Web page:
October 5, 2015 - Serving and the Snowball Effect

One of the best ways to dramatically improve your game is to develop serves that lead to developing other aspects of your game. The stronger serves and developing other aspects of your game lead to a higher level of play, meaning you get to play stronger opponents, which leads to further improvement. The stronger opponents force you to continue to develop the serves and other aspects of your game, leading to a snowballing effect that can, over time, dramatically improve your level of play.

I'm going to use my experience with this as an example. During my first few years I focused a lot on developing my serves. The result was I would get lots of relatively weak returns to attack. This developed both my attack and my footwork, which made me better both on my serve as well as in rallies. Because I became dominant on my serve and my attacks and footwork improved because of my serve, my overall level improved, and I began playing stronger players. Going up against better players pushed me to even higher levels. I was forced to improve my serve even more to keep them effective against stronger players. Since I had developed a strong serve and attack, as I played better players who received my serves better, I was forced to continue to improve my attack and footwork. The result? By developing my serves early on it snowballed my development. I was able to go from beginner to 1900 in about two and a half years, and 2100 in five. (With rating inflation, that's more like 2000 and 2200.)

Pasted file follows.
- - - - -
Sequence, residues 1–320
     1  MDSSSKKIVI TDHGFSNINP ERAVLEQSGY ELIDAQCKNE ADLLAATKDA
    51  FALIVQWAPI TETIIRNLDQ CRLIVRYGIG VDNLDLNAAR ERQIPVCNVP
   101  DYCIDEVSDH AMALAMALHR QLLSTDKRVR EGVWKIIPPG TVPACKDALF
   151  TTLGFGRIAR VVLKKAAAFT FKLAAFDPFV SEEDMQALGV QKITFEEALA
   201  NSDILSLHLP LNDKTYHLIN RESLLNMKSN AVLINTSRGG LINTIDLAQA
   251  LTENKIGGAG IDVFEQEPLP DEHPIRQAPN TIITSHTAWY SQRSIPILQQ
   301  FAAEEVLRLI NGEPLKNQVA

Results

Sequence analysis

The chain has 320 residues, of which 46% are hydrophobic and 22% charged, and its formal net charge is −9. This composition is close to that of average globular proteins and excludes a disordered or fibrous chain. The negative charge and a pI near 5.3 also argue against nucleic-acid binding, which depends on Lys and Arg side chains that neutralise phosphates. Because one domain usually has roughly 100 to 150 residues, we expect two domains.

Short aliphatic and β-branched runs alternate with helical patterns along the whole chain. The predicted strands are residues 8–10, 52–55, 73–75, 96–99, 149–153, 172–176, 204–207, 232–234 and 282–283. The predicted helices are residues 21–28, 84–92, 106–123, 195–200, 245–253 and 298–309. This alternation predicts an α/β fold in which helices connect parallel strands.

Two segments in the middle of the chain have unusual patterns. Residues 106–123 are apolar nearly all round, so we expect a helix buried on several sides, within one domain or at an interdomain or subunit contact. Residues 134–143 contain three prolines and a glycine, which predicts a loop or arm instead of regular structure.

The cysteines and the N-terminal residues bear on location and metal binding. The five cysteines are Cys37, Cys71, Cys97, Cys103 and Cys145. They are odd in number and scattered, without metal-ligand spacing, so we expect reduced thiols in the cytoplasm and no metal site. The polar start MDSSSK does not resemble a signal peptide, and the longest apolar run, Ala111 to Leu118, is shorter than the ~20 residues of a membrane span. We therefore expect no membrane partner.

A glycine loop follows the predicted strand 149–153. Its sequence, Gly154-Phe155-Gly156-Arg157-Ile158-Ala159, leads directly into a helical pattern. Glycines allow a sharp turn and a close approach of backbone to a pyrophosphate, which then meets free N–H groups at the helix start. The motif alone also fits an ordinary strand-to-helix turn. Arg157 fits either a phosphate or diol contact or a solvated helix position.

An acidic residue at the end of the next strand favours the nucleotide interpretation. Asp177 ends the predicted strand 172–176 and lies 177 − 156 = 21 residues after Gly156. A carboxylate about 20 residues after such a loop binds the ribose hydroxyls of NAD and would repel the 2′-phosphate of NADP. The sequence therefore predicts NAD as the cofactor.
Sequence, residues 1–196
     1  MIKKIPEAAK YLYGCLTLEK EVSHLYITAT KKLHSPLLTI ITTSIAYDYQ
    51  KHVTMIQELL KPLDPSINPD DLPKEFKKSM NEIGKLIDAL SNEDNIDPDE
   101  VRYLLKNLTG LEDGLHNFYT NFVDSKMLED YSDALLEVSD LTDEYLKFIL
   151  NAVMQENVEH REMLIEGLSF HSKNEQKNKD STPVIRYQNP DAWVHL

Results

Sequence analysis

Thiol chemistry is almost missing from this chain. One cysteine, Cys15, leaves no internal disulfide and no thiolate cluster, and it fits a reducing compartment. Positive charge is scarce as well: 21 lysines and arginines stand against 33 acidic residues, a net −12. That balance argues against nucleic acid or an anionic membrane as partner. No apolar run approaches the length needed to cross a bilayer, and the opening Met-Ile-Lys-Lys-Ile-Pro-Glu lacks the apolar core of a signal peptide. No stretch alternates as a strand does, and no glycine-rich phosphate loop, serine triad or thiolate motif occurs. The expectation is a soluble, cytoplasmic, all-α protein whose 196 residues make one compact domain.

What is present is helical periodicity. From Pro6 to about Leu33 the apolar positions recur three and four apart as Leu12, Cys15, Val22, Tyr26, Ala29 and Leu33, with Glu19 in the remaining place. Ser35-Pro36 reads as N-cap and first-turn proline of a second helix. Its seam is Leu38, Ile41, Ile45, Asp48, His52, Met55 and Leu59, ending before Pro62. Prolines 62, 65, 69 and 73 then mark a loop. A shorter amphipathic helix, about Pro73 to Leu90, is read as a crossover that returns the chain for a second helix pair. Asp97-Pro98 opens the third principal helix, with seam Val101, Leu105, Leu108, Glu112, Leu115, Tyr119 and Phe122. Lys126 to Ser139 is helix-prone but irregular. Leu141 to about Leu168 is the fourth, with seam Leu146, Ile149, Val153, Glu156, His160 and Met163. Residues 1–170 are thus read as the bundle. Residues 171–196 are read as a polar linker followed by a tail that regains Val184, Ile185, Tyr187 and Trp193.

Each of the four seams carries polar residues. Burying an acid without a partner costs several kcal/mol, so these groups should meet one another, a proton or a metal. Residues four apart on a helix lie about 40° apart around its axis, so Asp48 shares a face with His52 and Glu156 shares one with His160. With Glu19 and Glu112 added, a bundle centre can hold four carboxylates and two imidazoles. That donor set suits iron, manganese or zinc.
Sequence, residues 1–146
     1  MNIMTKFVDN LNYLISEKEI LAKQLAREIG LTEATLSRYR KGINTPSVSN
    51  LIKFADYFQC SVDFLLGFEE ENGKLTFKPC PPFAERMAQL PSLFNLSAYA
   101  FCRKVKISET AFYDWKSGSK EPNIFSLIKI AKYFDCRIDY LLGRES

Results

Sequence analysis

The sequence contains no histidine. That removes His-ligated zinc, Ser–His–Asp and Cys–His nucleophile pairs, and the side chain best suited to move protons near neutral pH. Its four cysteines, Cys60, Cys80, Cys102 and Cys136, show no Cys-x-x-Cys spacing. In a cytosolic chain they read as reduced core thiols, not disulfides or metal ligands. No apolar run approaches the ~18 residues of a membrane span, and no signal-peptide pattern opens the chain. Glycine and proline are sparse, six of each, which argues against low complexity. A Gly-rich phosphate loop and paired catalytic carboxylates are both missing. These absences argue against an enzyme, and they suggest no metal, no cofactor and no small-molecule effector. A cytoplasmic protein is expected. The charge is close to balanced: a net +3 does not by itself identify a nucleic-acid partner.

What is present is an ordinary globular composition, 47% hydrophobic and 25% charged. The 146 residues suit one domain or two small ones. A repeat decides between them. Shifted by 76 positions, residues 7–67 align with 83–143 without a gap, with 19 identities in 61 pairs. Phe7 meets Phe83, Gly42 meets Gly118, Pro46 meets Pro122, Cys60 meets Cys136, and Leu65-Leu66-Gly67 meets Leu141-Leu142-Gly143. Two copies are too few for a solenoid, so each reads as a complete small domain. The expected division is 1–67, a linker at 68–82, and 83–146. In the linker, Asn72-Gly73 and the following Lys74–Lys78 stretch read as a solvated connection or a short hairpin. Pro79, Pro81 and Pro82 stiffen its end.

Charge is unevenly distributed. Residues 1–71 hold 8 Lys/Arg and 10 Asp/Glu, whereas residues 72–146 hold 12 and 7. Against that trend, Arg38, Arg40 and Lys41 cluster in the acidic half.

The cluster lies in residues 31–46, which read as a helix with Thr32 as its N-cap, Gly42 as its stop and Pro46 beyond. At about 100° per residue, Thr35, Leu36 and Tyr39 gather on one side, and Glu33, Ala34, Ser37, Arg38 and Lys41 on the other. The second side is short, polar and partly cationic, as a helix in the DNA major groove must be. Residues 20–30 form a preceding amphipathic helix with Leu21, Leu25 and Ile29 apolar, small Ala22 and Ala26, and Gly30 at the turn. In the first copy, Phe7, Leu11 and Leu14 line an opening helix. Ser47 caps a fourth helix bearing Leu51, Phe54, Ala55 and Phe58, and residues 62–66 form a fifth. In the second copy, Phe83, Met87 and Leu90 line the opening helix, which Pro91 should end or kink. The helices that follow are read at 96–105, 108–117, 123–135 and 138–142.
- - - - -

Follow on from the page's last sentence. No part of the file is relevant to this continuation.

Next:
So what does this mean for you? Develop strong serves that allow you to consistently serve and attack. Such serves don't have to give you easy pop-ups; it's sufficient that they consistently give you balls you can attack, while forcing a number of "free" points as opponents make mistakes (often from trying to receive so you can't attack). Develop both third-ball serves (that allow you to consistently serve and attack) and a few "trick" serves (that give you free points if not overused - most such serves become ineffective after a few usages). Learn to serve with great spin and deception (including no-spin serves that look spinny), both short and long, to all parts of the table, with different serving motions. If you aren't sure how to do these serves, talk to a coach or top player.